# How to find all possible destinations, within a certain walking distance of a unit?

I have a standard 2D grid that i use for pathfinding. I already use A* to find the path of my units when I want to move them around.

What I need to implement now is a preview of all possible destinations of the unit when it is selected.

Here is what I want to achieve. The yellow/orange cells represent the possible destinations.

I want to make this as optimized as possible, because it can be executed on very big maps and for multiple units.

I have something in mind but I wonder if there is better approach for this.

Here is my idea:

1. Get a list of all cells that are walkable in a square around my unit. The square will be from Unit.X - Unit.Speed to Unit.X + Unit.Speed for X axis and Unit.Y - Unit.Speed to Unit.Y + Unit.Speed for Y axis.

2. For each element in this list, execute A* search to see if it is possible to find a path.

By doing the search for only the cells that are within my unit range I should be able to do this on big maps.

Basically this is the same feature that we have in games like Heroes 3 and many other turn based games.

Screenshot:

I was also wondering when it is a good idea to execute this pathfinding logic. When you select a unit (might result a spike) or when something moves on the map to update the list of all possible destinations of all units on the map.

You're over-thinking this. There are well-known optimal algorithms to solve it without running A* over and over.

If the edges of your graph can have different traversal costs, then you want to run Dijkstra's algorithm (like A* with no heuristic), ignoring neighbours beyond your total cost limit. All the nodes it visits and adds to the closed set are within your movement range.

If the edges of your graph all have the same traversal cost, then breadth-first search suffices, with a maximum hop count. Again, ignore neighbours that would take you beyond your hop count budget, and all the nodes you visited and added to the closed set are within your movement range.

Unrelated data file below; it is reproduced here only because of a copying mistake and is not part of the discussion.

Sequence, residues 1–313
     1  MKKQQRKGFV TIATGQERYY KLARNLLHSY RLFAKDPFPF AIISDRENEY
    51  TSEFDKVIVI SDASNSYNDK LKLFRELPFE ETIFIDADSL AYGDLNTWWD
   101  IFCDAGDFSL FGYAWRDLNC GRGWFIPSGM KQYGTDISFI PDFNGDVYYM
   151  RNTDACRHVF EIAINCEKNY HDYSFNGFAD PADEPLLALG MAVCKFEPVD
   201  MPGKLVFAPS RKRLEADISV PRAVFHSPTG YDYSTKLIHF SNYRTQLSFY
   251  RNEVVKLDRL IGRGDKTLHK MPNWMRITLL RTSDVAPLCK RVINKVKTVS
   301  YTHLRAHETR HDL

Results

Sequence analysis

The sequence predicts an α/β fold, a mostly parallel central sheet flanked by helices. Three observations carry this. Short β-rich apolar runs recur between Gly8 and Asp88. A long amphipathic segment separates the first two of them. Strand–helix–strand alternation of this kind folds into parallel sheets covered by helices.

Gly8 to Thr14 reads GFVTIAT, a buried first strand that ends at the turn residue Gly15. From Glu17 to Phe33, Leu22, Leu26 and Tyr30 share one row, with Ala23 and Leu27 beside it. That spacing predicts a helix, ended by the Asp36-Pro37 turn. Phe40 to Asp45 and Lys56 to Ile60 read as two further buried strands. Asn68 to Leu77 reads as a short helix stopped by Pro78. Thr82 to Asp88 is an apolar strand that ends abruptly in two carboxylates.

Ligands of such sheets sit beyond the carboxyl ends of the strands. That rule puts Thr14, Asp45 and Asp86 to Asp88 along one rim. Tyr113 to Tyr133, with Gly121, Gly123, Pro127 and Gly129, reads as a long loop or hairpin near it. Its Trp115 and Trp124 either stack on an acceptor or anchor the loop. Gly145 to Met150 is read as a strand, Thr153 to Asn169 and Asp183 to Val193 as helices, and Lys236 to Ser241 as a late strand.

Both algorithms give you the whole reachable set in a single invocation from your starting point, without needing to pick out candidate reachable tiles in advance.

In the end, a simple BFS as DMGregory recommended really did the work.

This particulate implementation uses C#, but it can be easily recreated in other language.

public List<Node> GetPossibleDestinations(Graph graph, Node start, int distanceLimit)
{
var frontier = new Queue<Node>();
frontier.Enqueue(start);
var visited = new List<Node>();

while (frontier.Count > 0)
{
var currentNode = frontier.Dequeue();

if (currentNode.distance >= distanceLimit)
{
continue;
}

var neighbors = graph.GetNeighbours(currentNode);
foreach (var neighbor in neighbors)
{
if (neighbor.nodeType == NodeType.Open && !visited.Contains(neighbor))
{
frontier.Enqueue(neighbor);
neighbor.distance = 1 + currentNode.distance;
}
}
}

return visited;
}

public List<Node> GetNeighbours(Node node)
{
List<Node> neighbours = new List<Node>();

for (int x = -1; x <= 1; x++)
{
for (int y = -1; y <= 1; y++)
{
if (x == 0 && y == 0)
continue;

int checkX = node.gridX + x;
int checkY = node.gridY + y;

if (checkX >= 0 && checkX < graphSizeX && checkY >= 0 && checkY < graphSizeY)
{

• Why add a neighbour when a neighbour's distance is >= distanceLimit? Also, I am wondering if it could be optimised if you assigned a unique id for every node and used that as a key for a Dictionary<int, Node> for visited? Then Contains should take O(1). Aug 21, 2019 at 22:17